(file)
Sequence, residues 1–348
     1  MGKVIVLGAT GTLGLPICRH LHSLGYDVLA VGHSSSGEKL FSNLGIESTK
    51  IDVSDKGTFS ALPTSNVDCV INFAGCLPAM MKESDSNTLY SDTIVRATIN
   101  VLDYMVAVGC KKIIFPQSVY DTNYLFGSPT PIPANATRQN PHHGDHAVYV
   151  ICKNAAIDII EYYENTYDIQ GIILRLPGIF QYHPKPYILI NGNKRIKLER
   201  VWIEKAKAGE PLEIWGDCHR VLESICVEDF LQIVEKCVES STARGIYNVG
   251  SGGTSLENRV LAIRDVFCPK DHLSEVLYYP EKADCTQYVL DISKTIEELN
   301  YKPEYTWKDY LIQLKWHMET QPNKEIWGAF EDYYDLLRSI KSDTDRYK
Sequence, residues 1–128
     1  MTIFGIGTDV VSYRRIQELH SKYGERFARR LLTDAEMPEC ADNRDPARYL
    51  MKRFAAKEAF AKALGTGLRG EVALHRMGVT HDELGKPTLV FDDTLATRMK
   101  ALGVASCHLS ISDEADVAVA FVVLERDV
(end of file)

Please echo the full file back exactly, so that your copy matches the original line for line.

Sequence, residues 1–348
     1  MGKVIVLGAT GTLGLPICRH LHSLGYDVLA VGHSSSGEKL FSNLGIESTK
    51  IDVSDKGTFS ALPTSNVDCV INFAGCLPAM MKESDSNTLY SDTIVRATIN
   101  VLDYMVAVGC KKIIFPQSVY DTNYLFGSPT PIPANATRQN PHHGDHAVYV
   151  ICKNAAIDII EYYENTYDIQ GIILRLPGIF QYHPKPYILI NGNKRIKLER
   201  VWIEKAKAGE PLEIWGDCHR VLESICVEDF LQIVEKCVES STARGIYNVG
   251  SGGTSLENRV LAIRDVFCPK DHLSEVLYYP EKADCTQYVL DISKTIEELN
   301  YKPEYTWKDY LIQLKWHMET QPNKEIWGAF EDYYDLLRSI KSDTDRYK
Sequence, residues 1–128
     1  MTIFGIGTDV VSYRRIQELH SKYGERFARR LLTDAEMPEC ADNRDPARYL
    51  MKRFAAKEAF AKALGTGLRG EVALHRMGVT HDELGKPTLV FDDTLATRMK
   101  ALGVASCHLS ISDEADVAVA FVVLERDV